Use this URL to cite or link to this record in EThOS: http://ethos.bl.uk/OrderDetails.do?uin=uk.bl.ethos.674897
Title: Impact of the performance-based payments on health workers in contracting out government health services : Cambodia's experience
Author: Abe, Kimiko
ISNI:       0000 0004 5370 2233
Awarding Body: Queen Margaret University
Current Institution: Queen Margaret University
Date of Award: 2014
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Abstract:
Contracting out government health services has been increasing in low and middle income countries (LMICs) and highly valued in improving health service delivery. In some cases, government health workers have been paid performance-based payments; such payments have been quoted to contribute to the achievement. However, impacts of the payments on the health workers’ total income including income from their private practice and the government salaries have been little studied, while their private practice have posed serious issues in the service delivery with the constraint from low government salaries. The impacts at the household level have been unstudied. This study investigated these impacts of the payments paid to the government health workers in a project for contracting out district health service delivery to international NGOs in rural Cambodia. In this study, key informant interviews elaborated payment mechanism and other factors in the incentive environment; household income and expenditure surveys of the hea ascertained their incomes and their households incomes and expenditures and compared these data between the two tyes of distrctircts (N=250); a mini-survey about payment mechanism at the subcontractor-level deepened understanding of important factors on the impacts; regression analyses of the incomes or expenditures confirmed the impacts of payments in relative to other possible influential factors on incomes and expenditures. The payments associated with the contracting settings including the performance-based payments were found to increase the heatlh workers incomes and their households incomes reasonably sufficiently, while non- income mostly consisted of private practice income. The result of regression analyses supported the higher incomes. Therefore, this study tentatively argued,with further support from the interview result that transfers of the health workers labour supply from the private to government sector were brought about by the payments, i.e., labour supply increase in the government sector and reduction of dual practice.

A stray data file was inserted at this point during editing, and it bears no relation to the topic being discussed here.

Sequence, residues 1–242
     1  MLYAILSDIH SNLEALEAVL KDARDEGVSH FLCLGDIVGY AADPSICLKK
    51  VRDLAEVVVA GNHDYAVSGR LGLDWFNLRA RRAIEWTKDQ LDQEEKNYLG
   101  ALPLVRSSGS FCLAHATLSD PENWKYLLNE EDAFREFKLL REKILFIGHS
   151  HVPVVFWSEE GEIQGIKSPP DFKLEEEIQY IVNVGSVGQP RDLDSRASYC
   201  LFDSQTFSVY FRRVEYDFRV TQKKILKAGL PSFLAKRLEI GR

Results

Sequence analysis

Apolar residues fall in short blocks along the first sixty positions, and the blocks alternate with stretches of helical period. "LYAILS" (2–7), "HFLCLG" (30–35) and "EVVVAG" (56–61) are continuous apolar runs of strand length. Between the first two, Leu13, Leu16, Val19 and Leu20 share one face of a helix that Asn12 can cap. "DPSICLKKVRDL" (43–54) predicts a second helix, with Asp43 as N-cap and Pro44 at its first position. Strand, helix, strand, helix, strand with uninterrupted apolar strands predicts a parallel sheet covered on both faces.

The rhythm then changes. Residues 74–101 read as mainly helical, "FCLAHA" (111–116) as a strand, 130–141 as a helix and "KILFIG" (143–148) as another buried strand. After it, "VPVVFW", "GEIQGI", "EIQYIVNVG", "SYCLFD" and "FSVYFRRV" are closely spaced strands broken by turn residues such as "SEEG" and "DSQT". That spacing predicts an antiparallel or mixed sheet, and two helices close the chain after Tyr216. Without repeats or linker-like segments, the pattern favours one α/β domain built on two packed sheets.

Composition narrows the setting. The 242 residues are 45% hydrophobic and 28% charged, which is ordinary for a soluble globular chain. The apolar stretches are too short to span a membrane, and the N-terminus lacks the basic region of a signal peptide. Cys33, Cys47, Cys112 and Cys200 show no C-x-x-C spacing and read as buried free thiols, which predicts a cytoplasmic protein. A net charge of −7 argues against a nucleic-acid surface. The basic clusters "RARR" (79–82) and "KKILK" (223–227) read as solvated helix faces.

Supervisor: Not available Sponsor: Not available
Qualification Name: Thesis (Ph.D.) Qualification Level: Doctoral
EThOS ID: uk.bl.ethos.674897  DOI: Not available
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